Staying the course of conservative Catholic doctrine in a liberal city was not new to Mr. Levada when he took over the Archdiocese of San Francisco from his predecessor, Archbishop John Quinn. In fact, his first appointment as an archbishop (1986) was in overseeing a diocese in Portland, Oregon, also a liberal American city. One of his many accomplishments during his nine-year tenure as Archbishop of Portland was a successful drive for a $5 million retirement fund and the St. John Vianney retirement residence for diocesan priests. This certainly did not go unnoticed by the church hierarchy. It was during this time that he served, from 1987 to 1993, on the Editorial Committee of the Holy See’s Commission for the new Catechism of the Catholic Church, to which he was appointed by Cardinal Ratzinger—the only American bishop to have been selected.

Mr. Levada authored the Catechism’s Glossary. In a recently released statement, he said that the purpose of the group of seven bishops serving on this commission “was to prepare a draft of the catechism, conduct a consultation among bishops of the world and many scholars, and develop a final text under the direction of the commission of 12 cardinals of which Cardinal Ratzinger was president” (Catholic Online).

It was during this time that Cardinal Ratzinger and Archbishop Levada would have come to know each other’s thinking and position on church doctrine. The archbishop recalled the “many occasions when [Ratzinger] would unexpectedly join our discussions, roll up his sleeves, review the proposed changes and amendments, ask our opinions and discuss them with us…” (Ibid.)

Mr. Levada’s appointment as Archbishop of San Francisco in 1995 was seen by some to be a clear statement from Pope John Paul II. Mr. Levada’s predecessor had shown a lenient attitude towards Catholics who were openly practicing homosexuality—even though the Congregation for the Doctrine of the Faith, then headed by Cardinal Ratzinger, had released a paper declaring homosexuality an “intrinsic disorder.” Of course, this did not sit well with San Francisco’s homosexual community. John Paul’s visit there in 1987 spurred sign-carrying protesters, who attacked Cardinal Ratzinger by name.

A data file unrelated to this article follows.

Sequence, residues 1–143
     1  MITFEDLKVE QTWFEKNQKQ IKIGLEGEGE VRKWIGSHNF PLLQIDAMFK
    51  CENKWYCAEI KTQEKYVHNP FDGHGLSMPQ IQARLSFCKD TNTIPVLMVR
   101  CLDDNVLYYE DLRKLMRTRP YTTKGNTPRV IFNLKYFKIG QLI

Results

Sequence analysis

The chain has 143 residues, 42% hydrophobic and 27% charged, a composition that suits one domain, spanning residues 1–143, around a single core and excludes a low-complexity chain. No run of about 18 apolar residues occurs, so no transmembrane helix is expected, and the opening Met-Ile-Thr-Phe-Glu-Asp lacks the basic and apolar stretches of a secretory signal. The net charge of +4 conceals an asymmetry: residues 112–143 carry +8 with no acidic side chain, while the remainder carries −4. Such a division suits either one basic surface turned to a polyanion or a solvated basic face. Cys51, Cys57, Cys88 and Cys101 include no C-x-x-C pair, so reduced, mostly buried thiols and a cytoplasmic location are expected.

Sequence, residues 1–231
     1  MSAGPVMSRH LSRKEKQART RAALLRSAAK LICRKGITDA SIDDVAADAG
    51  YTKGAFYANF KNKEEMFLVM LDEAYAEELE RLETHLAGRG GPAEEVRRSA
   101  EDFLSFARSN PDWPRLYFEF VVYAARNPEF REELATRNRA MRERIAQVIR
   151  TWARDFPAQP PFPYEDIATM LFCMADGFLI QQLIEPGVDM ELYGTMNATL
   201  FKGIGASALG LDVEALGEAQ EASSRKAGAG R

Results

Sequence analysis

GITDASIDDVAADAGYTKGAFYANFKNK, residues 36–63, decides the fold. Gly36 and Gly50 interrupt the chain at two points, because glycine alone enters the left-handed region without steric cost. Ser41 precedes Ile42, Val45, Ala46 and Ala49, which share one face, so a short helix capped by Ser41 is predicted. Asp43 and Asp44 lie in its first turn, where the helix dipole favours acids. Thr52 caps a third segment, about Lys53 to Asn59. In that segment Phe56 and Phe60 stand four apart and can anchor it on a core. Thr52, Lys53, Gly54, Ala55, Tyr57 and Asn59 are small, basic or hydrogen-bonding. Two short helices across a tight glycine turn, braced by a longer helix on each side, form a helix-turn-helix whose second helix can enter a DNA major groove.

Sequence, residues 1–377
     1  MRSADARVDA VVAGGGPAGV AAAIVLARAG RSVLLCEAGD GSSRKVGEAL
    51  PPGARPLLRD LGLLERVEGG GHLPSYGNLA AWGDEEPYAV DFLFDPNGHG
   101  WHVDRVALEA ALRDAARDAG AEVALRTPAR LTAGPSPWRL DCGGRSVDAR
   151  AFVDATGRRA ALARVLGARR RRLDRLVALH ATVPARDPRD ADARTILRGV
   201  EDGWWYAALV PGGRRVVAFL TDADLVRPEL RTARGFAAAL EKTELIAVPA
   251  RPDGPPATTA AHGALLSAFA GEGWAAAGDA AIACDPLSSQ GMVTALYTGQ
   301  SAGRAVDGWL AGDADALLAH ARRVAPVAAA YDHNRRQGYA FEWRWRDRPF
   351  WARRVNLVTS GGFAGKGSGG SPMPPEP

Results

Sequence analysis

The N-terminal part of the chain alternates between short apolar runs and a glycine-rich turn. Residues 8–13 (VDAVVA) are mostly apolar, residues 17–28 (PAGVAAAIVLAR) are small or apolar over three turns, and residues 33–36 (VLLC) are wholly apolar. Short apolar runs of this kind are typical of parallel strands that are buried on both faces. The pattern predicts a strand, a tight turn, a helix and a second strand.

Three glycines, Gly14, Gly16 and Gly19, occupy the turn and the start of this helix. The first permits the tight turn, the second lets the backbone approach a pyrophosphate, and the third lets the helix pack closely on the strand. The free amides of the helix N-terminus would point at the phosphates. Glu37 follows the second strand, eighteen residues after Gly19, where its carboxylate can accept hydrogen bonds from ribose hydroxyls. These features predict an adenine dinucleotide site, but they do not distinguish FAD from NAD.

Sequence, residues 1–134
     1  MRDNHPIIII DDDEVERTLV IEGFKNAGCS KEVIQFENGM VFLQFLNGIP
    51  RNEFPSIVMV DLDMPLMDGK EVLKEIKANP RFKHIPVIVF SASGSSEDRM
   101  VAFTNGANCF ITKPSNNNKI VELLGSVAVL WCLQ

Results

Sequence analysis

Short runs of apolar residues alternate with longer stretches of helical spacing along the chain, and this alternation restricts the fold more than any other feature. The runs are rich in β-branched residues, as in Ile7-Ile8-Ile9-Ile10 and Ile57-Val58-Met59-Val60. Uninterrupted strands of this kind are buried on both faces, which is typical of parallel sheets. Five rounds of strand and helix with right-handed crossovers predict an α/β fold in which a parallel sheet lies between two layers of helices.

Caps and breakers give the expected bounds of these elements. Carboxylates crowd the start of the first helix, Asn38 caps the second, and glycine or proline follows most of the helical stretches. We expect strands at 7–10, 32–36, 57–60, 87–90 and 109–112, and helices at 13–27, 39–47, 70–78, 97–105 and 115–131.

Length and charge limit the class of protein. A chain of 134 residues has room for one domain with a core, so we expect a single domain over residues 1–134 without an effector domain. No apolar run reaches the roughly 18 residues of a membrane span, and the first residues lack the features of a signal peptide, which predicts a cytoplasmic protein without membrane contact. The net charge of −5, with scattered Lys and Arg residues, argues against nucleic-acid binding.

Mr. Levada has not been shy in his comments about gay and lesbian lifestyles. Though “he has been involved on several occasions in delicate negotiations with the City to find a way of implementing gay rights issues,” the guiding factor has been that it be done “in a manner consistent with Catholic teaching” (emphasis ours). He has been vocal in his opposition to same-sex marriages and has instructed priests to seek the guidance of bishops to determine whether a Catholic politician who supports abortion rights should be denied communion.

Speaking of San Francisco Mayor Gavin Newsom, who reportedly was denied communion by the pastors of two local parishes due to his active support of same-sex marriage, Mr. Levada has said, “I have told him that I think he is wrong on same sex marriage” (San Francisco Chronicle). Clearly, the new Prefect stands with Pope Benedict on this issue, as well as a host of other issues facing the Catholic Church, such as clerical celibacy, contraception and the ordination of women priests.

The Right Man for the Job

In 2000, Mr. Levada was made a member of the congregation that he is now Prefect over, once again exposing him to Benedict’s strong conservative thinking and influence. Certainly, the new pope would have come to know the archbishop’s mind on important key issues facing the Catholic Church.

He is well versed in, and understands, the pope’s authority as the head of the church. He was Bishop Co-chair of the Anglican-Roman Catholic dialogue in the United States. These talks were geared at finding common ground and promoting unity between these two faiths. Mr. Levada shares this vision with Benedict XVI, who, during his first few weeks as pope, repeatedly attempted to reach out to Orthodox Christians and Protestants. The Roman Church would certainly like to bring the many churches of the Christian world under her protective umbrella and influence.

Though Mr. Levada pictures himself as more of a “cocker spaniel rather than a rottweiler,” the task of clarifying worldwide Roman Catholic doctrine falls to him.

As the appointed Prefect of The Congregation for the Doctrine of the Faith, Mr. Levada released this statement: “The work of the congregation seeks principally to promote a sound understanding of the content of the Christian faith, as has been handed on through the Church [meaning the Roman Catholic] since the time of Christ, and to assist the Pope and the bishops of the Church throughout the world in the delicate task of clarifying erroneous positions when that is judged necessary” (Catholic Online).

Benedict XVI—who held the position of enforcer of Catholic doctrine, and did so in the face of vocal liberal opposition—would have picked a successor who was up to the task, and to carry on in the tone that he has set.

Many feel that the message to Catholic Americans, who have felt that the Vatican is out of touch with Western culture, and to the world, is that the conservative doctrines of the church will stay.